Monday, February 16, 2015

Making CRM stick by using Dr. John Kotter 8 Step method - part 6 - Communicating the vision/Empowering Change

The previous five posts on this subject, regarding how to use John P Kotters Change management method called the 8 steps of change have discussed the first 4 steps of the process. It is important to understand that each step in the method builds on the step before. So, to go throught the previous steps to where we are;

First we need to make the decision makers in our organization really aware of the urgency, this should be by being very concrete, what is the benift of using CRM, what is the cost of lost customers, how can CRM change this etc.

When we have gotten the attention of the organizations decision makers, we need to make sure that a guiding coalition is put together that has the right mandate for the job. This typically, from a CRM perspective needs to be people from both the business end, IT and Other related areas like architecture or information management.

It is then vital to create a vision for the CRM implementation that will resonate with the people that are going to be affected by the new CRM system.

Communicating the CRM Vision
Ok, so we have a great vision, should we post it on the Company Intranet and then Everything will be fine? If you have any experience of marketing you probably know that this is not true. When trying to market your Products or services, repeated ongoing and very deliberate action is required to make sure that the vision is properly communicated to all the people that are or will be affected by the new CRM system.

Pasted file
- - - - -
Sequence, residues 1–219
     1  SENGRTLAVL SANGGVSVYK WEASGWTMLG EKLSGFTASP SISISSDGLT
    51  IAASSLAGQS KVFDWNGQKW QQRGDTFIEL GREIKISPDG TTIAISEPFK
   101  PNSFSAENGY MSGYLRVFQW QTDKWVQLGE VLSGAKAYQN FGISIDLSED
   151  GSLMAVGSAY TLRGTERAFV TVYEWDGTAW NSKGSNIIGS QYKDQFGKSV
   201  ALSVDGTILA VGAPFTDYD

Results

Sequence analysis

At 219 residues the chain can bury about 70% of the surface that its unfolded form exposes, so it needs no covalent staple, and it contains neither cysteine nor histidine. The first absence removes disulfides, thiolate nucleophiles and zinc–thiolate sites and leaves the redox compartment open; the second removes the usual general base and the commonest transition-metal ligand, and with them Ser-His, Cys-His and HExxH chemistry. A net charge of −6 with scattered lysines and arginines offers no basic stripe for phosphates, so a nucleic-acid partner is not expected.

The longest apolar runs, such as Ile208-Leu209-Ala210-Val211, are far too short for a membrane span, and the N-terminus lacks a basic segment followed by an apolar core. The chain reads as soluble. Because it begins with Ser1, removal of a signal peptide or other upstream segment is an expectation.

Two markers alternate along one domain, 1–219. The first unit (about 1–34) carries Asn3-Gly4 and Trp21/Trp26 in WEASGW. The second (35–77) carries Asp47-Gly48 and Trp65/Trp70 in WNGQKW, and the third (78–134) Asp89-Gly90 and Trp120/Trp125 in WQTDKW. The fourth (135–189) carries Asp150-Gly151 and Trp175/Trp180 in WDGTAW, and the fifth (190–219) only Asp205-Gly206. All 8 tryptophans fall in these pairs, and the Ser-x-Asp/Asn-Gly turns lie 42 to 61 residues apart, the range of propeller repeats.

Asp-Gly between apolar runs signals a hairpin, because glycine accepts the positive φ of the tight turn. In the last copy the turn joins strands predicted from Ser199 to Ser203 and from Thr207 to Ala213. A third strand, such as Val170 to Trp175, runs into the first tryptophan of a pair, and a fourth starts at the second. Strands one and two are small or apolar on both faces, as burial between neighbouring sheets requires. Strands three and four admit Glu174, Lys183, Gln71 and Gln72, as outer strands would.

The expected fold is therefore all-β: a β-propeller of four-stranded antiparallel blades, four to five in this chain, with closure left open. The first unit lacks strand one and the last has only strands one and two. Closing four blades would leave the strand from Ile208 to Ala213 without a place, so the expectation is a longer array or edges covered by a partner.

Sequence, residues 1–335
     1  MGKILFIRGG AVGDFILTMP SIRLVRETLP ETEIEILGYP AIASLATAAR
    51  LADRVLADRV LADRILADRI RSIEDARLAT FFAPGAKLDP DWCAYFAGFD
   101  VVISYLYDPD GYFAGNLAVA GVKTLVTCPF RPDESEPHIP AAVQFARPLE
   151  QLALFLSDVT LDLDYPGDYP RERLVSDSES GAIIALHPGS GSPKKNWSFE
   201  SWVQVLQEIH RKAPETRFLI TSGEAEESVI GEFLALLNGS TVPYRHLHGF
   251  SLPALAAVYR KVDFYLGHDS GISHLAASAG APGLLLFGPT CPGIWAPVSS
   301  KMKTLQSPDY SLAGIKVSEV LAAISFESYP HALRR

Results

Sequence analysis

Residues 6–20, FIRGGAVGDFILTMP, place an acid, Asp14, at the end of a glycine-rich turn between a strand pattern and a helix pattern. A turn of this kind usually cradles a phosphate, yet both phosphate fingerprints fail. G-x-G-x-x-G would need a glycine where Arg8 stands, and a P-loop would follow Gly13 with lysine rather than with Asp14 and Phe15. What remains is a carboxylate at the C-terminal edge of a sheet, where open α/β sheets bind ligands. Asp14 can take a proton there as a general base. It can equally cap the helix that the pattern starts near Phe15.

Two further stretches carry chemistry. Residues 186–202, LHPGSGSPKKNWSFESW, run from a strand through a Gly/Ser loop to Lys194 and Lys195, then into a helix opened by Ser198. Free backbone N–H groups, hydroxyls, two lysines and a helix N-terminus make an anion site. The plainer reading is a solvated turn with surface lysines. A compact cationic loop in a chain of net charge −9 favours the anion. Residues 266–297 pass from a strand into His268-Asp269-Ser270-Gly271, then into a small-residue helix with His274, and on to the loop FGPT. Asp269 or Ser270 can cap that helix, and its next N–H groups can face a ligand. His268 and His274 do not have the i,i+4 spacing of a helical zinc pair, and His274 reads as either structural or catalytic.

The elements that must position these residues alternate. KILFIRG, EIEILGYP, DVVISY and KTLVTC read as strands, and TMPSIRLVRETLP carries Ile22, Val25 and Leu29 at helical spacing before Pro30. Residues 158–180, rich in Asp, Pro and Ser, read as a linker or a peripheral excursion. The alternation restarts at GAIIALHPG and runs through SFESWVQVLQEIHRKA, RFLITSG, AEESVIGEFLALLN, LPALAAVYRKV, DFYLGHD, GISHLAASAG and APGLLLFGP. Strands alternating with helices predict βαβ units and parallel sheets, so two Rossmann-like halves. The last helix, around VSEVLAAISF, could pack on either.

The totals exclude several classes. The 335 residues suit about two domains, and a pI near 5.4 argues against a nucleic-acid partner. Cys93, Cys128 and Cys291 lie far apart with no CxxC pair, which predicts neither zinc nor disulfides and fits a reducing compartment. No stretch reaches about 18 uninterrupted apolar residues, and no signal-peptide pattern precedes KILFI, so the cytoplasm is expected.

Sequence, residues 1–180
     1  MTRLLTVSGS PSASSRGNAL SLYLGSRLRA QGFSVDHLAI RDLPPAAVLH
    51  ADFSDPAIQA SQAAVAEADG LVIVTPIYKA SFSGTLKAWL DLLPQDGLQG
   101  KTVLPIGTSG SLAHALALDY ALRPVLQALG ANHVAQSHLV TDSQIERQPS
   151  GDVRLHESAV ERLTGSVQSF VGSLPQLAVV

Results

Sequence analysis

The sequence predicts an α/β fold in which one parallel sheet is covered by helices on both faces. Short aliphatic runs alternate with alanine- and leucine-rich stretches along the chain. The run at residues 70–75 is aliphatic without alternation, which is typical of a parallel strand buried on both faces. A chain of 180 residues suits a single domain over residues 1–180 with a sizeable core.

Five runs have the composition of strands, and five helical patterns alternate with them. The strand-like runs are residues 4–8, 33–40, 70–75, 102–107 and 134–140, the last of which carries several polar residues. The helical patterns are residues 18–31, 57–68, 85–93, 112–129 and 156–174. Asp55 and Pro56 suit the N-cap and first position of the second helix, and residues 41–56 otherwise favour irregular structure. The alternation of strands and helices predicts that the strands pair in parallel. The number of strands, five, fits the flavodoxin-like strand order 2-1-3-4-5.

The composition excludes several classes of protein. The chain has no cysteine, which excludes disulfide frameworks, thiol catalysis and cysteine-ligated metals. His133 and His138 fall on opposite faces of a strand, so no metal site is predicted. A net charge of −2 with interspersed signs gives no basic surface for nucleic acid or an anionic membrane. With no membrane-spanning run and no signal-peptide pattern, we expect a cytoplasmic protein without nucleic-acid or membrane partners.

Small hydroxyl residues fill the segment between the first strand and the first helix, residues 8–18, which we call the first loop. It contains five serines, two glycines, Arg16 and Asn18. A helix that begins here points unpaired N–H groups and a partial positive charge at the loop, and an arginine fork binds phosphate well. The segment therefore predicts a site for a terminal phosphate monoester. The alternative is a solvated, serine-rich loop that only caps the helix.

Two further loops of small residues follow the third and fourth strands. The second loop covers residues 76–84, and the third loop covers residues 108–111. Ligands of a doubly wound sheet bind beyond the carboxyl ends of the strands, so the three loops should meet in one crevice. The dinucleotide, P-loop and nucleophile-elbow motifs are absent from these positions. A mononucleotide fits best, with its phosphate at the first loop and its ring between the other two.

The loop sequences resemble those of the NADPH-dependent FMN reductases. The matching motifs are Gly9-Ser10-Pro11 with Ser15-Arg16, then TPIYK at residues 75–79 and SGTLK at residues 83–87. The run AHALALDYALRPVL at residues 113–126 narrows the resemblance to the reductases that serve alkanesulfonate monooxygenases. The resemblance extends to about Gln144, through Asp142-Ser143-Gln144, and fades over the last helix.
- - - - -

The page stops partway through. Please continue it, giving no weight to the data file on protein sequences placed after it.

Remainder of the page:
I would also recommend testing to see if the message has been properly received by a couple of the the people that were meant to receive it, as Communication is not so much about what is sent, more about what is recieved.

Empowering Change
Ok, so this is done, you show the sales people the new CRM and then a couple of weeks later you happen to be standing by the coffemachine at the Customer, some salesguys are standing there but nobody knows you as your a Consultant and one of the older and most senior salesguys starts bragging to the younger:
Well I talked to the CEO during our latest golf round and we agreed that I don’t have to waste my time on the new CRM system”

Or you might hear this from a sales guy:
”The new CRM system is great, but I get bonuses for orders, not for posts and likes, so I know where my priorities are”

With opposition like this, in one case a senior sales executive and the other a bonus system that works against the implementation of CRM, the organization is going to have a tough time getting people to Work in CRM. It is vital for CRM implementations that anything stopping people from acting on the change needs to be removed, in the case of the senior sales executive, I would say it was a very bad decision from the CEO to let him slip, but I can understand it as well based on the amount of Revenue some of the senior sales people generate. However, he cannot be allowed to brag about it.

In the case of the bonus system, perhaps implementing some gamification to make CRM more fun or revise the bonus system to build on CRM might be better.

It is also important to elevate those people who choose to embrace the new CRM. Perhaps have an early adoptor competion.

Gustaf Westerlund
MVP, CEO and owner at CRM-konsulterna AB